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Friday, 19 December 2014

A bridge would only create new problems

WITH reference to the letters page, (Evening Mail, February 22), and the Duddon Estuary, possible road bridge and the broader subject.

The possibility of this project and all so-called ‘green’ energy barrages/bridges/roads will only exacerbate the core problems, which I will come to later.

Firstly though, relatively inaccessible areas opened up by these means become easily accessible, leading to more people wishing to live in these generally less populated areas and commuting to centres of employment becomes possible.

In turn, housing development increases due to demand and local areas of employment also become a requirement.

Consequently the levels of all traffic increase to suit industries’ demands.

Also people more readily travel in and out of these areas simply because they can, as is the way of things.

Road systems become congested leading to demand for bigger and as it is seen, better roads – you get the picture?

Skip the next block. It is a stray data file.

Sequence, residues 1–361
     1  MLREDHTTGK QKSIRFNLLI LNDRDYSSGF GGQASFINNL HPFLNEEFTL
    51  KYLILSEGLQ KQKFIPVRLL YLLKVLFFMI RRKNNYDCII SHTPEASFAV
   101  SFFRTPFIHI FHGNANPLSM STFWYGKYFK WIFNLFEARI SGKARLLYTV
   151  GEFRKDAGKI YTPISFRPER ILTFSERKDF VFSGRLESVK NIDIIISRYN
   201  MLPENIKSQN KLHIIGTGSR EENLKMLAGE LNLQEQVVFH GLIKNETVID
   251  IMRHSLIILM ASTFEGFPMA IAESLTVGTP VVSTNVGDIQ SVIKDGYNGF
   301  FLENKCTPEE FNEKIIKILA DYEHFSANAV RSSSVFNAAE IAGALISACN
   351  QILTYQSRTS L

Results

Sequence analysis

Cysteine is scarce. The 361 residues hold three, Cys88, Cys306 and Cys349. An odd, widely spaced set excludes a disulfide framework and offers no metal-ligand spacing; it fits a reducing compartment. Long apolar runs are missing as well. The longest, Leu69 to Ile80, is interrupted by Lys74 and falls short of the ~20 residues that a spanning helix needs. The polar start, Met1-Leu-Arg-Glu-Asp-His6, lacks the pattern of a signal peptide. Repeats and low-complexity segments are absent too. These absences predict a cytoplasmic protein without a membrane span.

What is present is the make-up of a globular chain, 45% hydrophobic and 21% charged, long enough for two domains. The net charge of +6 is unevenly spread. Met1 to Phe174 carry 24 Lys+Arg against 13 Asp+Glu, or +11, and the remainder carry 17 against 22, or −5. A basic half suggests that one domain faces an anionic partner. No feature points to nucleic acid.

As the local population increases, so do the cars, needing ever more fuel and of course the demands for more energy increase.

All this of course leads to more demands for ‘green’ energy and yet more pressure on rural areas and the ever decreasing varied habitats for another barrage, or such like, and so on.

This is not sustainable thinking and needs a radical rethink, which leads me back to the core problems I spoke of earlier.

We must tear ourselves away from our insatiable desire for instant gratification in all its forms, whatever it is we want it faster, cheaper and easier, all of which comes at a price ultimately to our planet.

This destructive cycle has to be radically reduced.

At the centre of all the critical problems we face as a species is the dramatically expanding population.

It should be obvious to all that this growth is not sustainable.

The unpalatable (to some) truth is that this population growth must be controlled and thus in the longer term most of these problems will be manageable.

Radical solutions are needed now. Progress – yes; at the cost of further destruction – no; while we still have a choice!

MARTIN STABLES

The Reading Room

Great Urswick

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